December 27 2007

National Film Registery Additions For 2007

National Film Preservation BoardThe National Film Preservation Board has made their annual announcement of which films are being added to The National Film Registry.

Back to the Future (1985)
Bullitt (1968)
Close Encounters of the Third Kind (1977)
Dance, Girl, Dance (1940)
Dances With Wolves (1990)
Days of Heaven (1978)
Glimpse of the Garden (1957)
Grand Hotel (1932)
The House I Live In (1945)
In a Lonely Place (1950)
The Man Who Shot Liberty Valance (1962)
Mighty Like a Moose (1926)
The Naked City (1948)
Now, Voyager (1942)
Oklahoma! (1955)
Our Day (1938)
Peege (1972)
The Sex Life of the Polyp (1928)
The Strong Man (1926)
Three Little Pigs (1933)
Tol’able David (1921)
Tom, Tom the Piper’s Son (1969-71)
12 Angry Men (1957)
The Women (1939)
Wuthering Heights (1939)

More than usual in the “I’ve never heard of this” category than usual, but that’s somewhat the point of this whole project; to make sure that these films are available for future generations to enjoy.

In the Hollywood Reporter article on the story, the most interesting part to leap out at me was this:

“Our Day” is one of those films that are most at risk. A home movie made by Wallace Kelly in 1938, it depicts a day in the life day-in-the-life portrait of his family shown in both idealized and comic ways. The silent 16mm home movie uses creative editing, lighting and camera techniques comparable to what professionals were doing in Hollywood.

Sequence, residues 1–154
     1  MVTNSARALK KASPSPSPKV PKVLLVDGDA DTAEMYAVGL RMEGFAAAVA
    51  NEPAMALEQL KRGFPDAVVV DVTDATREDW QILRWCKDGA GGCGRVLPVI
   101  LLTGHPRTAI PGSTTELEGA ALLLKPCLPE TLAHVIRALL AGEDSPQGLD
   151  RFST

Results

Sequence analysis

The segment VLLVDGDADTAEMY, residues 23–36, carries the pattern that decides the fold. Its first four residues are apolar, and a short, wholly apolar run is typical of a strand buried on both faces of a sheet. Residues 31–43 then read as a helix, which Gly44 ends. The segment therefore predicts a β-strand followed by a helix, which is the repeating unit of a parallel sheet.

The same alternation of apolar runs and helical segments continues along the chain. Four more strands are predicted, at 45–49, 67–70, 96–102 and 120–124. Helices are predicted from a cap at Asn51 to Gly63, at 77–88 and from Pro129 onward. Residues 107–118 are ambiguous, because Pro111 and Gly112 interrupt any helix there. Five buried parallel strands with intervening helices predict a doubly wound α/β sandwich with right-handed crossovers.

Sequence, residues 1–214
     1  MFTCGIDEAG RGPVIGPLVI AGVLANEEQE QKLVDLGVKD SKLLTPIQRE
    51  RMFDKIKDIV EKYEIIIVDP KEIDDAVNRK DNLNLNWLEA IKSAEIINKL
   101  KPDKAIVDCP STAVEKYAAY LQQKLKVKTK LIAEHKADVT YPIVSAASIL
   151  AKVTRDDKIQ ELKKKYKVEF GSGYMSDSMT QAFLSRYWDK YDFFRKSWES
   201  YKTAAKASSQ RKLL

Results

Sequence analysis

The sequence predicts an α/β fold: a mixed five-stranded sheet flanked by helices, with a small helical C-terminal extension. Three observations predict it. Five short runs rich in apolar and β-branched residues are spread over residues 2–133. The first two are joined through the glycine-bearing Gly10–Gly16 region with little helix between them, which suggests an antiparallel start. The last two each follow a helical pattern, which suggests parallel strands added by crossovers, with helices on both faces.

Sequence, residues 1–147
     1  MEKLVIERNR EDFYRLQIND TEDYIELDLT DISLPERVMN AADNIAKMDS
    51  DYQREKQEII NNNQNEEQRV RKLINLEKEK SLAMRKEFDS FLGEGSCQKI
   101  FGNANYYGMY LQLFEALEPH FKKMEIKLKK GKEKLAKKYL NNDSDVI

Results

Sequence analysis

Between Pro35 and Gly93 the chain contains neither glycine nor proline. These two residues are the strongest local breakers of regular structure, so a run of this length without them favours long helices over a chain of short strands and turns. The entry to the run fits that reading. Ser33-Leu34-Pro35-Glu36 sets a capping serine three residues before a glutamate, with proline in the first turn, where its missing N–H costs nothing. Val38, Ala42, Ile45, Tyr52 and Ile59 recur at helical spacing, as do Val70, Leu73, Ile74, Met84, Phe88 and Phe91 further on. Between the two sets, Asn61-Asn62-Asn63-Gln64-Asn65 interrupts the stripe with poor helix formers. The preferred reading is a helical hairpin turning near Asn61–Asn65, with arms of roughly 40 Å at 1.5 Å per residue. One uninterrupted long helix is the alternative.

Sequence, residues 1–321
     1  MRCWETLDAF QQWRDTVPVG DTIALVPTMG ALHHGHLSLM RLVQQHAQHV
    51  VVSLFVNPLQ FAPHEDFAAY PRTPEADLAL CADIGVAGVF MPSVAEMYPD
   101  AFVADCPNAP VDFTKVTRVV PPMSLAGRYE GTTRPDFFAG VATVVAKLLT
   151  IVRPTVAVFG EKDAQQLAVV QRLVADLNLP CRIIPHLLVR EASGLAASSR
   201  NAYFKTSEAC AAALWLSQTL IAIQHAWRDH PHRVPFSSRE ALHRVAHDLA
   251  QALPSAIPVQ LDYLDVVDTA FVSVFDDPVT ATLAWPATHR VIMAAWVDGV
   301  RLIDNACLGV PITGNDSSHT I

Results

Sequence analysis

“They have some pretty serious filmmakers in their leagues,” said Dwight Swanson, an archival consultant and board member at the Center for Home Movies. “The way they depict themselves and show their lives is more direct and honest than what Hollywood was doing at the time.”

Swanson hopes the entire Kelly archive will be deposited into the Center of Home Movies collection and will be preserved at the Library of Congress facility near Washington.

“That way we will be ensured that it will be available for people to see,” he said.

While I am glad to see them using some discretion in which home movies they choose, it thrills me they would even consider this. What a wonderful way to preserve glimpses from a bygone era.

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